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BLUE NOTES

Oil Wars, Clean Ports, Climate Kelp and a Sea/Sun of Giving

December 13, 2007
By David Helvarg

Tracking Oil to its Source

A week after a relatively “minor” spill of 58,000 gallons of bunker fuel that killed over 2,000 seabirds and despoiled beaches and wetlands on the San Francisco Bay and along the coast (see Blue Notes #40) I headed overseas to work on my book on the U.S. Coast Guard.

Two more red flares go arching over the water. “Motor Vessel, this is the Coalition Warship. Turn immediately or you may be subject to defensive action including warning shots. Come Starboard 30 degrees immediately,” warns the CO of the 110-foot Coast Guard Cutter Monomoy to the freighter now crossing our T a few hundred yards out. This is the second time today the 400-foot North Korean built O Un Chong Nyon Ho has headed towards the 2-mile security zone around one of Iraq’s two big offshore oil terminals and tolerance is growing short.

Gunnery Mate “Thunder” Dann Merrick exposes the 25-milimeter Bushmaster chain gun on the bow loaded with high-explosive incendiary rounds. The double .50s off the bridge are uncowled and cocked. The freighter begins to turn to starboard.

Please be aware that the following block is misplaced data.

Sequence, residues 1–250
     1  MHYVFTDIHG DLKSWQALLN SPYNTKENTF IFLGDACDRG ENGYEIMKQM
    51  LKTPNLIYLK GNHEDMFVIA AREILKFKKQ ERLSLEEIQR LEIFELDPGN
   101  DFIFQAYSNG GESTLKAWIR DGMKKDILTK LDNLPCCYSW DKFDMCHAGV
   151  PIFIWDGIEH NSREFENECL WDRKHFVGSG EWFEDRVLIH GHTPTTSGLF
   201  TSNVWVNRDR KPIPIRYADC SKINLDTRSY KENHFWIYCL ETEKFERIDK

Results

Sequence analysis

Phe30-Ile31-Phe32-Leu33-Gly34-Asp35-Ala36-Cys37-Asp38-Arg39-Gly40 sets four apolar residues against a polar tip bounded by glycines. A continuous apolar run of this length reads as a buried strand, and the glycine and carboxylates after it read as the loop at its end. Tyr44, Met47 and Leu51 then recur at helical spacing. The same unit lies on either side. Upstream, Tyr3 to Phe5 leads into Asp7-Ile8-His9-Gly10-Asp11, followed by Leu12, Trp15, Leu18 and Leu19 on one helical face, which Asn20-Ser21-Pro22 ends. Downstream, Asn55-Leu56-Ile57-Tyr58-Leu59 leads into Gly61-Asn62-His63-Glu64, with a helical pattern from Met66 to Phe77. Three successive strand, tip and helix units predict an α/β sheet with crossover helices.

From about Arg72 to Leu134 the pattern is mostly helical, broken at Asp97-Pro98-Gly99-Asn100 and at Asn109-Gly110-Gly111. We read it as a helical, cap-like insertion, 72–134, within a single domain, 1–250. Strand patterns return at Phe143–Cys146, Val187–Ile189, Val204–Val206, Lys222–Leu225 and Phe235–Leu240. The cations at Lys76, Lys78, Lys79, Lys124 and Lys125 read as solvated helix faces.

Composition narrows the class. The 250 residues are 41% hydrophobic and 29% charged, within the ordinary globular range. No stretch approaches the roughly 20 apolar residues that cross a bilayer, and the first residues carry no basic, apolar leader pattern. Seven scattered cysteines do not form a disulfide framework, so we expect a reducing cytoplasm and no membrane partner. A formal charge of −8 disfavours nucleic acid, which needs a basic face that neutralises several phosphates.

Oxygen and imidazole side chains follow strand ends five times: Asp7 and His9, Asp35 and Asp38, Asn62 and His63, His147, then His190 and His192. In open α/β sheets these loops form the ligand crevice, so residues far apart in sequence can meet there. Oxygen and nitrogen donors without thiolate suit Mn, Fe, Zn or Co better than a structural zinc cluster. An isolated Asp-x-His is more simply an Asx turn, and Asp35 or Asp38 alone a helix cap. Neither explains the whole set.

“He’s gonna get boarded,” someone behind me predicts. Not an untypical day in the North Arabian Gulf or NAG as Coalition forces call it. The Iranians, just a few miles away call it the Persian Gulf.

Of the six Coast Guard Cutters in theater there are usually 2 in the NAG, each covering a slice of the no-go sectors around the al-Basrah (ABOT) and Khawr al-Amaya (KAOT) terminals that pump over $100,000 of oil a minute, over 1.5 million barrels a day, accounting for 80 percent of Iraq’s GDP. The security sector around KAOT overlaps with waters claimed by Iran and the Iranian Revolutionary Guard Corp Navy (IRGCN) has been active in the area. In March 2007 they seized 15 British sailors and marines who were inspecting a ship without their usual helicopter backup.

While I’ll see one poorly maintained Iraqi patrol boat during my visit to the NAG it quickly becomes apparent that long after the last ground troops have left Iraq U.S. sponsored Coalition forces will still be guarding these oil terminals.